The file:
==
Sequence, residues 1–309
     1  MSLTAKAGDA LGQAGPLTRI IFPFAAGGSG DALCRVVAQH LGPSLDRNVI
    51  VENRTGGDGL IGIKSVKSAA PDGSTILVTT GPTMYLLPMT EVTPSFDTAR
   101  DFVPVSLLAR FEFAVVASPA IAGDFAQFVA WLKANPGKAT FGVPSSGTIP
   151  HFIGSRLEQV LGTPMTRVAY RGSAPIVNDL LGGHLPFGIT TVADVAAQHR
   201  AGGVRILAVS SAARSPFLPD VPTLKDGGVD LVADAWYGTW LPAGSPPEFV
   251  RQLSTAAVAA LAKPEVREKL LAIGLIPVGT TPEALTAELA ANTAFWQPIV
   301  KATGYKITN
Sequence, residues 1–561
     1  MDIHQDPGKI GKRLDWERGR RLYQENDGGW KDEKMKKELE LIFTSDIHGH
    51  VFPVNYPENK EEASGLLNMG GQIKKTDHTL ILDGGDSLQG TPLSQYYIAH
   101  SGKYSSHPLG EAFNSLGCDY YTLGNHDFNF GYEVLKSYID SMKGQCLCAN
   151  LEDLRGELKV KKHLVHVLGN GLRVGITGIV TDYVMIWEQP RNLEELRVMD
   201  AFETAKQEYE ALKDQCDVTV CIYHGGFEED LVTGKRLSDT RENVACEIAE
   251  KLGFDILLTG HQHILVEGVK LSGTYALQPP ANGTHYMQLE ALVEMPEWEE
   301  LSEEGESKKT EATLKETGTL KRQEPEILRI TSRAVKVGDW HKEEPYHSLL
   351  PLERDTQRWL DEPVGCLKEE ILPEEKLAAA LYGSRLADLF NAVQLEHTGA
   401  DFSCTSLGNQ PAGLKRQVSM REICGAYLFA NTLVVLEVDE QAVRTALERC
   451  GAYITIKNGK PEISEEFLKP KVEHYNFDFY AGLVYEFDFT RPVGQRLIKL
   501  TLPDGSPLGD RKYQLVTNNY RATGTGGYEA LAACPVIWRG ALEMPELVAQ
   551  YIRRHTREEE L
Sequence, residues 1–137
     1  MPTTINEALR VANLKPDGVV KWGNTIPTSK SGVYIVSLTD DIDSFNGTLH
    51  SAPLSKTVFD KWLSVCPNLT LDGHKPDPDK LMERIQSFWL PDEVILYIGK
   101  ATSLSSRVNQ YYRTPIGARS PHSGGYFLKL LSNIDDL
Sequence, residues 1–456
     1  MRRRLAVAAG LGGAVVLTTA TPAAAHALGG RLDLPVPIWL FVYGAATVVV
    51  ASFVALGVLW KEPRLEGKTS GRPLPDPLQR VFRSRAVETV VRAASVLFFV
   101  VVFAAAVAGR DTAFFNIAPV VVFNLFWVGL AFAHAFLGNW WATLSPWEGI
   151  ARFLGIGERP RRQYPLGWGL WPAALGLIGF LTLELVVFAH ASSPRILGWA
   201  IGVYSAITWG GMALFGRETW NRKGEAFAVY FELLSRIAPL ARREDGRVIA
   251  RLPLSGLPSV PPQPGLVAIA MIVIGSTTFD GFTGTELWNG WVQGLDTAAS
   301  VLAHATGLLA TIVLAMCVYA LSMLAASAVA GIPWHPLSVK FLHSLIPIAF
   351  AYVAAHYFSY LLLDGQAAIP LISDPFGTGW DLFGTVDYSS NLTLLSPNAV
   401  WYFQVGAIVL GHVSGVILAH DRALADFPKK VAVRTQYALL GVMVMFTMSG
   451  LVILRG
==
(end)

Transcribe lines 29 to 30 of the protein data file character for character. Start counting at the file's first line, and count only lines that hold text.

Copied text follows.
   101  VVFAAAVAGR DTAFFNIAPV VVFNLFWVGL AFAHAFLGNW WATLSPWEGI
   151  ARFLGIGERP RRQYPLGWGL WPAALGLIGF LTLELVVFAH ASSPRILGWA